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Organellar homeostasis and innate immune sensing

Abstract

A cell is delimited by numerous borders that define specific organelles. The walls of some organelles are particularly robust, such as in mitochondria or endoplasmic reticulum, but some are more fluid such as in phase-separated stress granules. Either way, all organelles can be damaged at times, leading their contents to leak out into the surrounding environment. Therefore, an elegant way to construct an innate immune defence system is to recognize host molecules that do not normally reside within a particular compartment. Here, we provide several examples where organellar homeostasis is lost, leading to the activation of a specific innate immune sensor; these include NLRP3 activation owing to a disrupted trans-Golgi network, Pyrin activation due to cytoskeletal damage, and cGAS–STING activation following the leakage of nuclear or mitochondrial DNA. Frequently, organelle damage is observed downstream of pathogenic infection but it can also occur in sterile settings as associated with auto-inflammatory disease. Therefore, understanding organellar homeostasis is central to efforts that will identify new innate immune pathways, and therapeutics that balance organellar homeostasis, or target the breakdown pathways that trigger innate immune sensors, could be useful treatments for infection and chronic inflammatory diseases.

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Fig. 1: Loss of nuclear homeostasis triggers innate immune sensors.
Fig. 2: Loss of mitochondrial homeostasis triggers innate immune sensors.
Fig. 3: ER stress triggers innate immune sensors.
Fig. 4: Loss of ribosome homeostasis triggers innate immune sensors.
Fig. 5: Loss of Golgi homeostasis triggers innate immune sensors.
Fig. 6: Loss of lysosomal homeostasis triggers innate immune sensors.
Fig. 7: Loss of cytoskeletal homeostasis triggers innate immune sensors.
Fig. 8: Loss of membraneless organelle homeostasis triggers innate immune sensors.

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Acknowledgements

S.L.M. acknowledges funding from NHMRC grant (2003159), The Sylvia and Charles Viertel Foundation, and HHMI-Wellcome International Research Scholarship. S.L.M. is a scientific advisor for IFM therapeutics and NRG therapeutics. A.S. is supported by the DFG (GRK2168) and the University of Melbourne through the International Research and Research Training Fund and is a student in the Bonn-Melbourne PhD program IRTG2168 (DFG).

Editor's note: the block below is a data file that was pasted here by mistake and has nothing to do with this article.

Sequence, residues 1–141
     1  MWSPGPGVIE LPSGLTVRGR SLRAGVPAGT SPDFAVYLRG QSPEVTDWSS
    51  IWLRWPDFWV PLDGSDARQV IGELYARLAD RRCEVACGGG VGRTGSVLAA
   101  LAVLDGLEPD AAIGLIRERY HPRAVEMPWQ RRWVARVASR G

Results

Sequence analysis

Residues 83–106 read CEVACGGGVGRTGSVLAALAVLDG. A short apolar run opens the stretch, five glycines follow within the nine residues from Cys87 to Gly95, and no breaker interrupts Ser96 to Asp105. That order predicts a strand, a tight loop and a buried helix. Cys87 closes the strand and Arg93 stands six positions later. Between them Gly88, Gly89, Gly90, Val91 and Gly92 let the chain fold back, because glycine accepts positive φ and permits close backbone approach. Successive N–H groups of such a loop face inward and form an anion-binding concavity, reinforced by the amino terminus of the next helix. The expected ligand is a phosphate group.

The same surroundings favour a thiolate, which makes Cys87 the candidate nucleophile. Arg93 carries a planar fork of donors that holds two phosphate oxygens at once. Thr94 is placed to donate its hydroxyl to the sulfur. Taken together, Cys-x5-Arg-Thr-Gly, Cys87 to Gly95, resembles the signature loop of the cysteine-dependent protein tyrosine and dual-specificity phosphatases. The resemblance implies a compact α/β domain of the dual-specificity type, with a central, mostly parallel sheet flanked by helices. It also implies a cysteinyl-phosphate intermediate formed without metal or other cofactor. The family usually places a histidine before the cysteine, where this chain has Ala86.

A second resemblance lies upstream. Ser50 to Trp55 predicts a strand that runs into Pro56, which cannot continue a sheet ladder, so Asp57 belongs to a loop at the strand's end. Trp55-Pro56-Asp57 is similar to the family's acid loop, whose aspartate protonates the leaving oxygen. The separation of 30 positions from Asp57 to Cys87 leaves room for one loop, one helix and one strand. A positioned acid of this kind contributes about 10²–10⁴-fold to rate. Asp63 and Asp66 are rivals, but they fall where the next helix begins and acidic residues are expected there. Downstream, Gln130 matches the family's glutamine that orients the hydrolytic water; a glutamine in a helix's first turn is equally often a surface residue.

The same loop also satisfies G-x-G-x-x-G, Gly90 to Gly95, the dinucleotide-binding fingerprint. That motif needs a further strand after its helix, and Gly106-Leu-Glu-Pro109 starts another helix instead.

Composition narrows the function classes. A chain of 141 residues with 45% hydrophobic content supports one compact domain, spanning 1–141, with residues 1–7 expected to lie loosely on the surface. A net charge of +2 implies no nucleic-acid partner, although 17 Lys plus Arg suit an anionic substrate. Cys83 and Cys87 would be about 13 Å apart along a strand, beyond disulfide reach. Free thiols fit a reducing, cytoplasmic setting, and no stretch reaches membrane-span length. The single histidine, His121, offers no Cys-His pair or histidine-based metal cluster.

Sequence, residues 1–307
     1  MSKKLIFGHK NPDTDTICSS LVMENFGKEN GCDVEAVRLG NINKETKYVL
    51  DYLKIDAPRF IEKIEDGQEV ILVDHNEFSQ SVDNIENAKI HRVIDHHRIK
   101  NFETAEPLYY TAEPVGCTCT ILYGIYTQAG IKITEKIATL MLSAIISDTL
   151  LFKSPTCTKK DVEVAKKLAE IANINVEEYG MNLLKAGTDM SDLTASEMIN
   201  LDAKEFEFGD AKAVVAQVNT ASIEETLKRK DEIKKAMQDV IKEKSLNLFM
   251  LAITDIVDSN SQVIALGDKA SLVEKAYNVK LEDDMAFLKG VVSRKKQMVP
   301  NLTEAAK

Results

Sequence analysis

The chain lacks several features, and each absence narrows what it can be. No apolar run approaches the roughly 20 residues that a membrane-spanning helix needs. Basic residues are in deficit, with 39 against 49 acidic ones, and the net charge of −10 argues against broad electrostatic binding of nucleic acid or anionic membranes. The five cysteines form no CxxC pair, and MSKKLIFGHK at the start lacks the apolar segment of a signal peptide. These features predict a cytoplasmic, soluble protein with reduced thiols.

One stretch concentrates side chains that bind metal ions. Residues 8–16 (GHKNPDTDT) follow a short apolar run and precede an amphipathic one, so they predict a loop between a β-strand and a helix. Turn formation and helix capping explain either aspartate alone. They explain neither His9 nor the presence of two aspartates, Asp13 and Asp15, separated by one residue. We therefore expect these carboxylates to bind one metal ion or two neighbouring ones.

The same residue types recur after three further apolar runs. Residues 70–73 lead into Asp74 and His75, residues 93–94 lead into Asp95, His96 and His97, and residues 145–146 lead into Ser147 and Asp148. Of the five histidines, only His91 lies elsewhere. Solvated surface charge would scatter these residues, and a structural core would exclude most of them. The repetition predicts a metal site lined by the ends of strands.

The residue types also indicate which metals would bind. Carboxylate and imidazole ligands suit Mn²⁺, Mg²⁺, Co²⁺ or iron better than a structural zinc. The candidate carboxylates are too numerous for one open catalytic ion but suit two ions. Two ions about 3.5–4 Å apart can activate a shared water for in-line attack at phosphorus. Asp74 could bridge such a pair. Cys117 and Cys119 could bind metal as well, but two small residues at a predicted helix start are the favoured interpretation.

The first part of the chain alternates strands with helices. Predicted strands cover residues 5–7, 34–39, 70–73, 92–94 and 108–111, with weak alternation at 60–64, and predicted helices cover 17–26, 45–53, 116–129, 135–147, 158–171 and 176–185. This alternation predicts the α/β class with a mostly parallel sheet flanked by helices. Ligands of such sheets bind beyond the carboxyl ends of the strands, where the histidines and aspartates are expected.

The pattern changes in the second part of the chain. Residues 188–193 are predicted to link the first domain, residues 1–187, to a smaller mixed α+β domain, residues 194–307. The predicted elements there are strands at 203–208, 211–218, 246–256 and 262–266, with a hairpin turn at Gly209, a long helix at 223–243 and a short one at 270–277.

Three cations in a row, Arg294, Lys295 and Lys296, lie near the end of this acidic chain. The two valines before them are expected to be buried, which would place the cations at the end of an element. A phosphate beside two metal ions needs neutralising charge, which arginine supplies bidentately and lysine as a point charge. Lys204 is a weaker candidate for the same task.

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Correspondence to Seth L. Masters.

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S.L.M. is a scientific advisor for IFM therapeutics and NRG therapeutics. The other authors declare no competing interests.

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Nature Reviews Immunology thanks G. Nunez, H. Wu and the other, anonymous, reviewer(s) for their contribution to the peer review of this work.

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Glossary

Micronuclei

Small extra-nuclear structures often containing damaged chromosome fragments or whole chromosomes.

Necrosis

An unregulated form of cell death resulting from internal or external stressors.

Cathepsin

Family of lysosomal cysteine proteases.

Oxidative stress

Form of cellular stress caused by an imbalance of the production and accumulation of oxygen species.

Nucleoids

Region within prokaryotic cells that contains majority of genetic material.

Peptidoglycan

Structural element of bacterial cell walls consisting of glycan strands cross linked by peptides.

Mucin

Group of highly glycosylated proteins that are the primary constituents of mucus.

Anterograde

Pathway of transport that newly synthesized proteins take from the endoplasmic reticulum to the Golgi.

Retrograde

Pathway of transport from the Golgi to the endoplasmic reticulum.

Autophagosome

Double-layered membrane vesicle involved in intracellular degradation pathway.

Endolysosomes

Structure resulting in the fusion between lysosomes and endosomes.

Geranylation

Form of post-translational modification.

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Harapas, C.R., Idiiatullina, E., Al-Azab, M. et al. Organellar homeostasis and innate immune sensing. Nat Rev Immunol 22, 535–549 (2022). https://doi.org/10.1038/s41577-022-00682-8

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